Sea otters were nearly wiped out in much of their range by hunting for their fur, the densest in the animal kingdom. They can have around 150,000 hairs per square centimetre.
Only found in the North Pacific ocean there are three recognised sub-species of sea otter. I have spent my time with the Southern sea otter, photographing them off Monterey, California.
Sea otters are vital to their habitat as they eat a lot of sea urchins and when their numbers were critically low the sea urchin population bloomed and the urchins destroyed much of the kelp forest they live in. Sea otters are still considered endangered, but their numbers have rebounded in much of their former range.
Despite their cuteness, the mating rituals of sea otters can be brutal with the males often biting the females nose badly when trying to mate, which is why you often see scars on the noses of the females.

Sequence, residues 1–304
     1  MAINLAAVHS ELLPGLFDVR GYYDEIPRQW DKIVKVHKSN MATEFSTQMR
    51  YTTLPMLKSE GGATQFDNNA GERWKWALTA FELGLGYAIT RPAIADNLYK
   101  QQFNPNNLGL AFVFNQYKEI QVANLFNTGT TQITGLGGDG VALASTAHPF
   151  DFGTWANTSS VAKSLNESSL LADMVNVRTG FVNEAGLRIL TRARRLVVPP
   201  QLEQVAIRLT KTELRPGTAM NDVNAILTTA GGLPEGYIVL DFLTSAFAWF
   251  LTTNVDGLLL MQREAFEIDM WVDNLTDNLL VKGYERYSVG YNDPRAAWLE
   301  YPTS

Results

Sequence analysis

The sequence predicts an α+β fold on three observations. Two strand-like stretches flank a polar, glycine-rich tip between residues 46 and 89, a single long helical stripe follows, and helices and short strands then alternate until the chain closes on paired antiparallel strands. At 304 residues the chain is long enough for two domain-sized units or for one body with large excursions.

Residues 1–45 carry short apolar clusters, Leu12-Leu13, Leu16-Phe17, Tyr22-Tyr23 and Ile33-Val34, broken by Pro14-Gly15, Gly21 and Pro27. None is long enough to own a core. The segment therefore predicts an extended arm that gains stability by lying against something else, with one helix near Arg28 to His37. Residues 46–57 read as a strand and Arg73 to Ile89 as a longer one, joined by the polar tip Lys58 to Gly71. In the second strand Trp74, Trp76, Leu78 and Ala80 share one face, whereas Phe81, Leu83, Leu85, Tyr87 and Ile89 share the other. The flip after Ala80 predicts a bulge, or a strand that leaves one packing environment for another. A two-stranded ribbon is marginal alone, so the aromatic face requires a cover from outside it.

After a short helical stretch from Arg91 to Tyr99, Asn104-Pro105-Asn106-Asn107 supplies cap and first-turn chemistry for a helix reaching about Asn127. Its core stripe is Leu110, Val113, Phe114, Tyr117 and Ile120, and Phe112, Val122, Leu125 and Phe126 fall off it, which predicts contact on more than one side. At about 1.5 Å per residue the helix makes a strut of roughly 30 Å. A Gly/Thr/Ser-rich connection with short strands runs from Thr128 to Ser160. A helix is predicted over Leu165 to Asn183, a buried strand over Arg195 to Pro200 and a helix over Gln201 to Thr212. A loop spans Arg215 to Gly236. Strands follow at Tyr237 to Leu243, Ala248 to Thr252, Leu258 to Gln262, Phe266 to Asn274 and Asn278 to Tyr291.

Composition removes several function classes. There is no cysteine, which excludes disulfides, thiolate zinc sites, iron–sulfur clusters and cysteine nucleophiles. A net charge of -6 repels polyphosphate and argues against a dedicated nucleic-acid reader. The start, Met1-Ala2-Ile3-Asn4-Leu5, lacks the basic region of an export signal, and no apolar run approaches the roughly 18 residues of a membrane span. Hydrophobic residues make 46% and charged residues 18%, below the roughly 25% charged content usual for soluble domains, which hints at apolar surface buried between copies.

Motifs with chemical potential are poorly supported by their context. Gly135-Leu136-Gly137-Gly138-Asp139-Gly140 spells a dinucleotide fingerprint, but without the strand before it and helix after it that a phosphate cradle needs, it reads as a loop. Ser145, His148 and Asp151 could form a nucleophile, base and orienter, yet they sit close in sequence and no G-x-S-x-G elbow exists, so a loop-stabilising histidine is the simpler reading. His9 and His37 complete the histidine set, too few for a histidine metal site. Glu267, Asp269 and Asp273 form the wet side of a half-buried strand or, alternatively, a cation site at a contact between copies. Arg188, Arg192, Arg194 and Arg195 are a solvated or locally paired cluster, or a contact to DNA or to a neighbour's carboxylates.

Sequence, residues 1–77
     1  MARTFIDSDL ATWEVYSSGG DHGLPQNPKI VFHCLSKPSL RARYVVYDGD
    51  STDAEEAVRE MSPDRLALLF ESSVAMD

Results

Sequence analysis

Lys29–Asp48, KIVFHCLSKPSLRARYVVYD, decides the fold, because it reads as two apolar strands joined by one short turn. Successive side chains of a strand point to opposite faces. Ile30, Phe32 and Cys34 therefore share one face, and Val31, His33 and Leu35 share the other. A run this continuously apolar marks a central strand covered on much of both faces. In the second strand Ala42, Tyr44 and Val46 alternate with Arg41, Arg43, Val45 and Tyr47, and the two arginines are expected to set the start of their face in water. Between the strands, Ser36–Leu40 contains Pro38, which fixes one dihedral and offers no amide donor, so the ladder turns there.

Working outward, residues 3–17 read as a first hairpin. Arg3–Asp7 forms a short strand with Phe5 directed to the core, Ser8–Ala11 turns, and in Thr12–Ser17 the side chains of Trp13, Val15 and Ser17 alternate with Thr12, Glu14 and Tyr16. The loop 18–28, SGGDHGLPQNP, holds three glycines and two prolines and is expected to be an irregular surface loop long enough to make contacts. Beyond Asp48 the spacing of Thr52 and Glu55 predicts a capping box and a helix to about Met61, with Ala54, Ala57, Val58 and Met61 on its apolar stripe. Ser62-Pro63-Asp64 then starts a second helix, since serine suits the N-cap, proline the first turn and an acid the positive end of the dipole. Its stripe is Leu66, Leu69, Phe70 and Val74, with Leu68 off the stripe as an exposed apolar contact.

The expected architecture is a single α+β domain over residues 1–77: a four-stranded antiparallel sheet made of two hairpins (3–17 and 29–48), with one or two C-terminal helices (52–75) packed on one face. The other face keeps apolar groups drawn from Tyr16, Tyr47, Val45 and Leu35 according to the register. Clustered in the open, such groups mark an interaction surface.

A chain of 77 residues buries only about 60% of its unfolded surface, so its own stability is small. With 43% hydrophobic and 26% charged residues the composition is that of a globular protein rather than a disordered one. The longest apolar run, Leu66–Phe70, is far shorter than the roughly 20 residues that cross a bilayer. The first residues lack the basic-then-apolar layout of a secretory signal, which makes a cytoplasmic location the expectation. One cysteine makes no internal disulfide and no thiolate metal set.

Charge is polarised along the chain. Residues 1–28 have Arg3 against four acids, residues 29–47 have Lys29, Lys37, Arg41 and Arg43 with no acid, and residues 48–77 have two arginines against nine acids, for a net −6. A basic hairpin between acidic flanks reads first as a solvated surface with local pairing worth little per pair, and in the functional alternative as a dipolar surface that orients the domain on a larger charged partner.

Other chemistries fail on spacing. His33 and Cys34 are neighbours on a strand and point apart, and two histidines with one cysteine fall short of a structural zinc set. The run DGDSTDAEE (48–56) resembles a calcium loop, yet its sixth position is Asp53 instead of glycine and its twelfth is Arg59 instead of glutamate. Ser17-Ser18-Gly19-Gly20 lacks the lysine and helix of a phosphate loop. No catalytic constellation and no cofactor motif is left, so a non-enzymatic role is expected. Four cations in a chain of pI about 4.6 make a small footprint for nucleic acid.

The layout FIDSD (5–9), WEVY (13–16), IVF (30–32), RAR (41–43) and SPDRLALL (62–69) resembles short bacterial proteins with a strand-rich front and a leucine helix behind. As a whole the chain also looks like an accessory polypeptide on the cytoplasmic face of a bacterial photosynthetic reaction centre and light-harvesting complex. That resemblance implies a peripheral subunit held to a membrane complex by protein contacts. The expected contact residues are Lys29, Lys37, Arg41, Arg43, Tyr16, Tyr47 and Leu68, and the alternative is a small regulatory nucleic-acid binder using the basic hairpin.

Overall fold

In Monterey you can often stand on the docks and watch and photograph the otters swimming below you, an unbelievable privilege. The otters there have become pretty habituated to human presence and boats and just seem to carry on oblivious to their rather busy surroundings. Seeing a mother with her pup is always the highlight when visiting this area and attempting to photograph these tiny fluff-balls.